Screened as part of NZIFF 2011

Le quattro volte 2010

Directed by Michelangelo Frammartino

A rugged valley in Italy’s mountainous region of Calabria is the setting for this wonderful film, a spellbinding take on a way of life as old as the elements. "Fresh and ravishingly poetic." LA Times

Germany / Italy / Switzerland
88 minutes

Director, Screenplay


Marta Donzelli
Gregorio Paonessa
Susanne Marian
Philippe Bober
Gabriella Manfrè
Elda Guidinetti
Andres Pfaeffli


Andrea Locatelli


Benni Atria
Maurizio Grillo

Production designer

Matthew Broussard

Costume designer

Gabriella Maiolo


Giuseppe Fuda (the shepherd)
Bruno Timpano
Nazareno Timpano (coal makers)


Cannes (Directors’ Fortnight), Karlovy Vary, Toronto, New York, London 2010; San Francisco 2011


Michelangelo Frammartino’s ode to the cycles of nature applies a wryly detached ‘documentary’ eye to what is in fact a meticulously staged and richly loaded drama – in which some of the principal actors are mineral, vegetable and animal. Here humanity is no longer at the centre of the universe, simply part of its mysterious process: we see a mighty tree accorded more ceremony in death than a superstitious old man. Frammartino’s eye on the animal world is little short of miraculous. He holds us enthralled by the territorial contests of baby goats – and, in a shot that will live forever in cinema history, floors us with the intervention in human affairs of a dog. This mutt’s seamless execution of an elaborately choreographed gag makes up for the lack of a Buster Keaton comedy on this year’s programme. — BG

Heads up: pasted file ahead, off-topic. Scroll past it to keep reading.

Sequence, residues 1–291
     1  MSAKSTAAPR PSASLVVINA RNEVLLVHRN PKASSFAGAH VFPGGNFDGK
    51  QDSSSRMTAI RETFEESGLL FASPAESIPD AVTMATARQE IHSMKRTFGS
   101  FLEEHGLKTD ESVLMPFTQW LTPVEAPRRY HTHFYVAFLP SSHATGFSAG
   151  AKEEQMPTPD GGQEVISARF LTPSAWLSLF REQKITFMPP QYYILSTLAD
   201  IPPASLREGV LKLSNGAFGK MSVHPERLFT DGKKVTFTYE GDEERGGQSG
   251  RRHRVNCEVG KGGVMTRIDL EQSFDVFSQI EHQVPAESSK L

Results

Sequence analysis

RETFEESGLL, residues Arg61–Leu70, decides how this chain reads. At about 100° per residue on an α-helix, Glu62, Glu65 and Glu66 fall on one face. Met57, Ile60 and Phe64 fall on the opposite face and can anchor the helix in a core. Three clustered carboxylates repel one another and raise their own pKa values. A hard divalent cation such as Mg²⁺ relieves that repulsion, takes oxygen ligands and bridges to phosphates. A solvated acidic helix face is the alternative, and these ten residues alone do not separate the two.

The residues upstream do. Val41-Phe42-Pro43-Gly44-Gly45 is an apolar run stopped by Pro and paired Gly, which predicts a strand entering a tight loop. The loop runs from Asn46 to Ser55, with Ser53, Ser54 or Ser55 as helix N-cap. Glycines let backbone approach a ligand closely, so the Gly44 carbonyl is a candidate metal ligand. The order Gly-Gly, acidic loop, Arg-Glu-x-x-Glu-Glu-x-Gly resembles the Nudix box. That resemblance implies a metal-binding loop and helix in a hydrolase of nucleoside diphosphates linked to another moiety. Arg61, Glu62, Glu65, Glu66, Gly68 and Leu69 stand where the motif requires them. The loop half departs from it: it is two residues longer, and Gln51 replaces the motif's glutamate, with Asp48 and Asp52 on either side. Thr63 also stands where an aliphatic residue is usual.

Le quattro volte, an idiosyncratic and amazing new film… is so full of surprises – nearly every shot contains a revelation, sneaky or overt, cosmic or mundane – that even to describe it is to risk giving something away… In four chapters… Mr Frammartino successively chronicles the earthly transit and material transmutation of an old man, a young goat, a tree and a batch of charcoal. Each being or thing is examined with such care and wit that you become engrossed in the moment-to-moment flow of cinematic prose, only at the end grasping the epic scope and lyrical depth of what you have seen, which is more or less all of creation.” — A.O. Scott, NY Times